Because yesterday turned into a bit of a blur, I forgot to take pictures before I took off. Yesterday I made double chocolate cookies in the morning, and then later in the afternoon, I suddenly was seized with the inspiration to make empanadas from scratch. Teach a girl how to roll out dough into a circle, and all kinds of havoc follows, apparently. Because it turned into a bit of a rush job, the empanadas were not as petite and cute as I'd planned them to be. Instead, each one was the size of an entire meal. That didn't seem to bother anyone yesterday, as they disappeared pretty rapidly. But I had a lot of filling left over, so I will be making these empanadas again, and then there might even be photographic evidence that I really suck at making those pretty folds and crimps that some people can manage on empanadas (or samosas for that matter).
When I bake these days, it has to be a carefully orchestrated plan. For example, I make cookie dough at night, and then bake first thing in the morning, when the apartment is actually cooled down from the night air. Sometimes I wake up, turn the oven on to preheat, take the dough out to soften back up, and go back to sleep until everything is ready to go. Similarly, if I am baking later in the day, I have to plan to be out of the house pretty much minutes after the baking is done, because it otherwise heats up to an unbearable extent such that I have to stick my head in an ice bucket. I know anyone foolish enough to read this is wondering why I don't just turn on the air conditioning. But here's the thing- if I'm going to be wasteful enough to turn on my oven in the summertime, then I have to give up the A/C for the timebeing. If I'm not baking anything and it's very hot, I might make allowances.
I know I haven't stopped writing of being in the kitchen lately, and for that I apologize. There's something else occupying my head, but it's really bothering me so much that I am having trouble putting the words down. I have reached a crossroads with someone, and I have been avoiding that reality for maybe over a year now. But it's in my face now, and it's getting increasingly difficult to turn a blind eye.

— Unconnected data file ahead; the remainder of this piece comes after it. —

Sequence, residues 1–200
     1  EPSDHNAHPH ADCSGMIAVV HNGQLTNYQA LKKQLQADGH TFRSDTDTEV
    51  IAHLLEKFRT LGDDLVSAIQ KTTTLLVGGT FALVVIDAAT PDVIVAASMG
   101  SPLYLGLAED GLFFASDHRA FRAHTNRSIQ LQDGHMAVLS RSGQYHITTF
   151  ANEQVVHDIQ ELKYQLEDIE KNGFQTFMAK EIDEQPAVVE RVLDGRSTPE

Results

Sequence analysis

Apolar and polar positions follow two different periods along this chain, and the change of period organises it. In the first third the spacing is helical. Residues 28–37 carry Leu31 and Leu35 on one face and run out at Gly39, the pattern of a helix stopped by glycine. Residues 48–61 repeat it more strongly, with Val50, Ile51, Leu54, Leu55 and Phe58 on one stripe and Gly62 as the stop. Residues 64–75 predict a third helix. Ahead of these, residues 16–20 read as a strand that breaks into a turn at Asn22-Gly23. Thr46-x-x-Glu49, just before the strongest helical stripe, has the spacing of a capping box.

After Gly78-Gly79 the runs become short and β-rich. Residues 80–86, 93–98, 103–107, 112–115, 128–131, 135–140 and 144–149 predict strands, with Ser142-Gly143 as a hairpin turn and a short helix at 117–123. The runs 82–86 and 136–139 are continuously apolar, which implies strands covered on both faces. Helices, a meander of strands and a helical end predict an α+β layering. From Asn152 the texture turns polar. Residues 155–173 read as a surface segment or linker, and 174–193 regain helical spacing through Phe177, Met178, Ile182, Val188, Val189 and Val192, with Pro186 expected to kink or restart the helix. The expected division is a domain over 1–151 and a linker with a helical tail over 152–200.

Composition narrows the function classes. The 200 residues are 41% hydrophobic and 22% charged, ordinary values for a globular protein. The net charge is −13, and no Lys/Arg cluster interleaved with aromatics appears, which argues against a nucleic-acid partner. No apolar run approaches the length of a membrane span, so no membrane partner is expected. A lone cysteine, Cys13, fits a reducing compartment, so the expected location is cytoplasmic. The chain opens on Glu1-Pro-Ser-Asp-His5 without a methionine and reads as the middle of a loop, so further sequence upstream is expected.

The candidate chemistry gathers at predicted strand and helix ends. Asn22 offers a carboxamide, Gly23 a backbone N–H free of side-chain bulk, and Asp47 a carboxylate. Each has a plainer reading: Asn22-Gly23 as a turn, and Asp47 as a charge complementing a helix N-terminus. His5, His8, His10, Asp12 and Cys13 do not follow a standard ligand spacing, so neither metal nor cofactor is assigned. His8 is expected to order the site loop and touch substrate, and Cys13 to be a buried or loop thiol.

When you have known someone for a long time, you are willing to make a lot of allowances for them. Whereas I usually assume the worst intentions when I am wronged, I tend to optimistically rationalize into never-never land with people I have known for a long time. I know why. Until a person crosses that invisible threshold, I know I can live without them. I know that I have lived without them, and that I can do without them again should the need arise.
But afterwards, they've become so close to me that they have become a part of me. Afterwards, the idea of losing them is like losing an artery in your body. You know that you may survive, but you also know there will be damage, there will be a scar. It's going to hurt.
So, as long as I can, I have tried to ignore it. But the other day, I realized that I was feeling like a complete failure and f***-up in life, and I realized that it was solely because one of my closest friends in the world was making me feel that way. Now, I had to give this a lot of thought. The whole reason I value having close friends is that I want someone in my life to call me on my sh*t. I want someone to be honest with me. And honestly, I can be intimidating, and thus acquaintances or recent friends do not have the stones to take me on sometimes. So, when I had been repeatedly derided by someone who means the world to me, I had to really sit there with all the facts, sift through it to see what was warranted and what wasn't.
And this time, it wasn't very warranted. It was hurtful. It was even more hurtful than anyone else could be. When someone knows you really well, they know your Achilles' heel. They know which parts of your history to cite that will strike doubt into your heart, make you question everything.
Suddenly, I realized that our entire dynamic had shifted. I hadn't returned calls, I hadn't sent long, idle emails. It was my feeble way of fighting the situation, but it's not a mature way of dealing with things. I know now that I have to face it head-on, and yet I dread it. I can't imagine actually facing it, but I can't imagine not either. I have never been so scared of a confrontation, because, for the first time in a long, long while, I feel I have something very precious to lose.